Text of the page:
Craig Wilson hopes the next time the St. Louis Cardinals organization turns to him for help, it will only have to look as far as the team's dugout.

After starting the last two seasons in the minor leagues only to be called up to the majors during the summer, the Annapolisgraduate is eager to make his latest bid to remain with the club on a full-time basis.


First, he must wait another 20 days before leaving for St. Petersburg, Fla., for spring training.

"I know nothing's guaranteed," hesaid. "I'm just going there to win a spot on the team and go from there."


Wilson, 26, spent an unseasonably warm Monday afternoon at his college alma mater, working out with the Anne Arundel Community College baseball team. Afterward, he ducked into the gymnasium to watchthe latter portion of the men's basketball team's victory over Essex Community College.

He has yet to sign with the Cardinals, who paid him $100,000 last season, but says he is close to doing so. He would not disclose the terms of the new contract.

Wilson appeared in 55 games with the Cardinals last season after being promoted from Triple A Louisville on June 7. While playing both in the outfield and at second and third base, he batted .248 with two doubles, seven RBI and13 runs scored.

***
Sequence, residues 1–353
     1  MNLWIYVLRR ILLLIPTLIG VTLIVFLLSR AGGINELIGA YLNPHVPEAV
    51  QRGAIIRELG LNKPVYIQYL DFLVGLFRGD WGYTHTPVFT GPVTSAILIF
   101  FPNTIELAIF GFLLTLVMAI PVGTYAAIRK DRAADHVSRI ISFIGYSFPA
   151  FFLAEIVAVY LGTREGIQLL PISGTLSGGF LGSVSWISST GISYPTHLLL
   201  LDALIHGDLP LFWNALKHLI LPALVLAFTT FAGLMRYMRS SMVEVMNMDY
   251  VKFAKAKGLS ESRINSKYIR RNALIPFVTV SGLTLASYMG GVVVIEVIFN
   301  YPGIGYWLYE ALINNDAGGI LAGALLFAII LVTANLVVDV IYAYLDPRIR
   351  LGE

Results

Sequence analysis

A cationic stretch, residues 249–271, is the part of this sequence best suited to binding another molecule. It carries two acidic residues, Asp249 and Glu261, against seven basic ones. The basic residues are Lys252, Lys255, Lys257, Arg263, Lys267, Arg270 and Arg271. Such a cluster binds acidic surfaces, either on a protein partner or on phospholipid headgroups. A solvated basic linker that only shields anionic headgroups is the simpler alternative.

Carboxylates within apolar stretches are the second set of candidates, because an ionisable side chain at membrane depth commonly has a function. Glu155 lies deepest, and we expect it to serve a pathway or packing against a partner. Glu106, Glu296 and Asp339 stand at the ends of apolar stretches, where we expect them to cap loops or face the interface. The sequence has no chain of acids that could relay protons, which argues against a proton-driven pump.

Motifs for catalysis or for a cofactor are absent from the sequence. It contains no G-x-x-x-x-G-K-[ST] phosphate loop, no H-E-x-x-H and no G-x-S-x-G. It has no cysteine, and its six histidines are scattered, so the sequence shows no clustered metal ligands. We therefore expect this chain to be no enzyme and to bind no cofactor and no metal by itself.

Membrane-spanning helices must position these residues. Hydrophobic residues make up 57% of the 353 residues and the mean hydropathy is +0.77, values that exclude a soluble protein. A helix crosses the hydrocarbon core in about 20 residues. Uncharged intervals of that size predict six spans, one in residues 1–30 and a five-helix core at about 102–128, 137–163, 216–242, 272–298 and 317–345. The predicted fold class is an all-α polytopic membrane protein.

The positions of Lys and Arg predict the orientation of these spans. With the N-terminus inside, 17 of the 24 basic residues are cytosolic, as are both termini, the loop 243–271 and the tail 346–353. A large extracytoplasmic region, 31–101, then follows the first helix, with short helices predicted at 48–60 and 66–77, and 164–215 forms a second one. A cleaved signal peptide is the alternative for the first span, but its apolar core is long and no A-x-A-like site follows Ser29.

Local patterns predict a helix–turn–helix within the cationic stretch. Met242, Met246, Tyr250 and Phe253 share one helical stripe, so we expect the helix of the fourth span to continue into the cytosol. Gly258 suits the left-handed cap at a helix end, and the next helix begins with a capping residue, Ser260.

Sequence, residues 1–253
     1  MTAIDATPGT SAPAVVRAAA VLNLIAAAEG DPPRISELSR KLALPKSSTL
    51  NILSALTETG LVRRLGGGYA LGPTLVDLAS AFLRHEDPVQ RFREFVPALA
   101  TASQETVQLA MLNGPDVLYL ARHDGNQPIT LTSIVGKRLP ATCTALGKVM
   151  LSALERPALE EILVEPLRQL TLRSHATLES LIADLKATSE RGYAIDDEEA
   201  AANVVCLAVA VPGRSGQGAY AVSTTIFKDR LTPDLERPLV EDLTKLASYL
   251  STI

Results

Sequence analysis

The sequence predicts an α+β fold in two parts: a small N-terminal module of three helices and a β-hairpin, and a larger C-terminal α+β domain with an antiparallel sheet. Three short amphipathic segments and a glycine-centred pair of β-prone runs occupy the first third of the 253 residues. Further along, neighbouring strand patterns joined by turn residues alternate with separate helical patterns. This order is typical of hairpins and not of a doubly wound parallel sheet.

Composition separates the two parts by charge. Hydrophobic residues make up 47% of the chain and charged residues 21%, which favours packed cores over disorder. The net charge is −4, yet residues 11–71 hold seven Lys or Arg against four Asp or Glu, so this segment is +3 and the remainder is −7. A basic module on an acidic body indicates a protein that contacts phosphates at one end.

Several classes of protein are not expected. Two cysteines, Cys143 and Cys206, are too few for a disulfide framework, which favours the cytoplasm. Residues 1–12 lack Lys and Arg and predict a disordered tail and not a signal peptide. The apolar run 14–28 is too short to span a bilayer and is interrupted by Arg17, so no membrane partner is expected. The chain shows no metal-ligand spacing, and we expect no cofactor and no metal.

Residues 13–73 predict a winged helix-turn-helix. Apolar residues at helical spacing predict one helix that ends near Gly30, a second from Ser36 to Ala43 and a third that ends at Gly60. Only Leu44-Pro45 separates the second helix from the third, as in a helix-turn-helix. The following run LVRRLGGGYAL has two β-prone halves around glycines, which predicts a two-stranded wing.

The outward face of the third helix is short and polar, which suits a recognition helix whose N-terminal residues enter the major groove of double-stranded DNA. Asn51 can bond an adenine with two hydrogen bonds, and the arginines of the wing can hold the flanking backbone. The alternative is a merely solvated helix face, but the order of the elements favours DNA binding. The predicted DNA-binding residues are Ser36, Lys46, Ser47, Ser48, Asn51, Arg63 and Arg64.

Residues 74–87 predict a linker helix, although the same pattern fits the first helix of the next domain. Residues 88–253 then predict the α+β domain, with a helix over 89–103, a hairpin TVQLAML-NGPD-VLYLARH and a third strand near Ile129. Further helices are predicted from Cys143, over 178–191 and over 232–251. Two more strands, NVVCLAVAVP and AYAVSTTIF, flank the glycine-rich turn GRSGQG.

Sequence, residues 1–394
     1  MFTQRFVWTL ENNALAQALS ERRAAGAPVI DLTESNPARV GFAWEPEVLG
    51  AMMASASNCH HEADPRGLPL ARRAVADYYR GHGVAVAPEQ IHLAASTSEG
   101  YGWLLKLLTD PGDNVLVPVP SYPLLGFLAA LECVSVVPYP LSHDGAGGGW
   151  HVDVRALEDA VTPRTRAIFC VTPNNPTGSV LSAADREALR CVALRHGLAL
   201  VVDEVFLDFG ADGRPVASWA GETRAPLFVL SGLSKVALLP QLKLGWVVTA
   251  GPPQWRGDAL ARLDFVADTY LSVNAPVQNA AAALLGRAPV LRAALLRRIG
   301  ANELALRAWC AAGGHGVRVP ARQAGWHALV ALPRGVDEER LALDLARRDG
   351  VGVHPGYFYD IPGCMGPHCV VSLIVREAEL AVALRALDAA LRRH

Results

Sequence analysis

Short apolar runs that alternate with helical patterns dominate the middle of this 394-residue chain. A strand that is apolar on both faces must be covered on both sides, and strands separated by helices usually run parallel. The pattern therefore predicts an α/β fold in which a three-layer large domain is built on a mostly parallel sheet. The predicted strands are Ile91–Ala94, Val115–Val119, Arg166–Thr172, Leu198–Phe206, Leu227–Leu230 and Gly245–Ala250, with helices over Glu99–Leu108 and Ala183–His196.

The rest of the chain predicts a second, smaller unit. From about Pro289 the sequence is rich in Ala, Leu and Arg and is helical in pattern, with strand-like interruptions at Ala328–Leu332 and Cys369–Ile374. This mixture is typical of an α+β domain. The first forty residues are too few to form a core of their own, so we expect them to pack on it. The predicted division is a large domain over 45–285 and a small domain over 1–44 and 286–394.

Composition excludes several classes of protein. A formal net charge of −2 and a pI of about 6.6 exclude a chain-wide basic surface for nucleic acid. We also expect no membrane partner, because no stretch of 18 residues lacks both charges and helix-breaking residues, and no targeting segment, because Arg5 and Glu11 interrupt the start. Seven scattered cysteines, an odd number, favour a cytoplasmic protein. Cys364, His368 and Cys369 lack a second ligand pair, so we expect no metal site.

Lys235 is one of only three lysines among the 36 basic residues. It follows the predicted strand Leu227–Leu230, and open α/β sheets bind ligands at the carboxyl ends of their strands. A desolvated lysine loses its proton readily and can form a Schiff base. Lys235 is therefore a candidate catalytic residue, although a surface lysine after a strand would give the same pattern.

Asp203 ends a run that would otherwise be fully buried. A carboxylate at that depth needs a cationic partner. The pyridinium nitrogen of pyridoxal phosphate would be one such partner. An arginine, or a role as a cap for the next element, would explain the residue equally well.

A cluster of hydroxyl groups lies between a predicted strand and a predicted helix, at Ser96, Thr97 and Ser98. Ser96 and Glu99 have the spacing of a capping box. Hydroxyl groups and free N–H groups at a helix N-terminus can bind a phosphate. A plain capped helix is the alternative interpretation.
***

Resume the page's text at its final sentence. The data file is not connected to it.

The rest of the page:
His playing time with the Cardinals dwindled overthe final weeks of the season, but he said he still believes he fitsinto the team's long-range plans.

"I just think it was a case of(manager Joe Torre) wanting to look at some other people," Wilson said. "I had been up for a while and had a few at-bats. He saw me play some, and he probably wanted to look at some of the younger guys."

The Cardinals' roster is filled with "younger guys," as the club continues to rebuild after the departures of such high-priced veterans as outfielders Vince Coleman and Willie McGee and third baseman Terry Pendleton.

"With the way they're in a transition right now and with all the moves they've made, a lot of jobs are opening up right nowand they're giving people a chance to win jobs," Wilson said. "Hopefully, I'll be given a chance to compete. I've played a couple of positions now, so I'm pretty much known as a utility player."

Then came the popular refrain spoken by most athletes at one time during their careers.


"I just want to go out and do whatever I can to help the club," Wilson said.

Only time will tell whether he will be giventhe opportunity to do so.